Apple's reputation may be shaking as the company's sales climb.

An opinion piece in the Independent talks about the company's then revolutionary focus on design in its computers, and then points out that as sales climb there has also been a rise in fault reports. It asks: "Is (Apple CEO) Steve Jobs' empire losing its cool?"

It's not an unfriendly report, it points out that Apple has become a powerful 21st century brand, but observes that faults, court cases and PR shocks have taken their toll on the company's reputation. And that the increasing number of Mac converts is changing the loyal nature of Appe's congregation.

It recounts a list of recent disasters for the company, including the recent Mail on Sunday report that explored working conditions at Apple's Chinese manufacturing partners. "Given all this, perhaps it is not surprising that a YouGov brand awareness survey index released last week revealed a clear fall in popularity for the Apple brand, with the index for quality falling the most," it states.

The company's actions against long-time Apple watchers, as evinced by its recent failed court action agains Apple Insider, Think Secret and PowerPage, also crop up in the report, which points to "an intense corporate paranoia" at the company that "leaves a sour taste in the mouth," the report adds.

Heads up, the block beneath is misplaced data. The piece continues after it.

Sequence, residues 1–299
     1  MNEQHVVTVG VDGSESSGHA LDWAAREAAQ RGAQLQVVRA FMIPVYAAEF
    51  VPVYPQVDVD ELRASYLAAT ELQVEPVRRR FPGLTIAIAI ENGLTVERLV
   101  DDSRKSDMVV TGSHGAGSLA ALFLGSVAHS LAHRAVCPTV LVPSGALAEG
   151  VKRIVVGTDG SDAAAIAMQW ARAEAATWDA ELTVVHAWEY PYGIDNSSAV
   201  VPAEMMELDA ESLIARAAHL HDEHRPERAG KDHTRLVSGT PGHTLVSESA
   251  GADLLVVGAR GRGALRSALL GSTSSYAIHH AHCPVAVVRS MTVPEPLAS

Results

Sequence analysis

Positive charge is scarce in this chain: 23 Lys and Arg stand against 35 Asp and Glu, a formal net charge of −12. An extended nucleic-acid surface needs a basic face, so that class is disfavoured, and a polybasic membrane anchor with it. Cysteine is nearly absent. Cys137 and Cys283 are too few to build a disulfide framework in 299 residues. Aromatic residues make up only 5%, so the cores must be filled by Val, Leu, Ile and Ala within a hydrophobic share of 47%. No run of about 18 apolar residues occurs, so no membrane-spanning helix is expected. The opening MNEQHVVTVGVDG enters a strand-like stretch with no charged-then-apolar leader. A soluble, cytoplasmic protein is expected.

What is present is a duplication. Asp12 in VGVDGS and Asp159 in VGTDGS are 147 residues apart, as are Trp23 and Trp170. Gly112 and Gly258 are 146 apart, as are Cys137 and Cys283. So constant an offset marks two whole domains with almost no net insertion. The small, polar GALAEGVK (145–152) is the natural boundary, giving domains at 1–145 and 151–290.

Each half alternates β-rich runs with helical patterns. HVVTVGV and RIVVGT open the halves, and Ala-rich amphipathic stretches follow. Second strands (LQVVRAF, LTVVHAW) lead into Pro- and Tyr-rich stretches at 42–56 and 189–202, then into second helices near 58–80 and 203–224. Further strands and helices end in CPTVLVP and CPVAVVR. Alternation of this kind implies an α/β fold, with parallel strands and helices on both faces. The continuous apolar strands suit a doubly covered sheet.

The first part of the report concludes: "Just a few weeks ago, the company announced profits of $472m, well ahead of forecasts. There is still talk of the "halo effect". But unless the firm's ethos is upgraded, its operations made more transparent and consumer friendly, its labour practices placed beyond reproach, could it be that Apple will become just another big business we all love to hate? Will the happy Mac icon lose its smile?"

A second opinion piece from the editor of points out that the company has a new audience now, an audience which "lacks the devotion" it has been used to so far.

"Apple has become ubiquitous, which has changed the brand beyond recognition, and, perhaps that's the real reason some of the shine has come off. It's just not as special as it was," the piece concludes.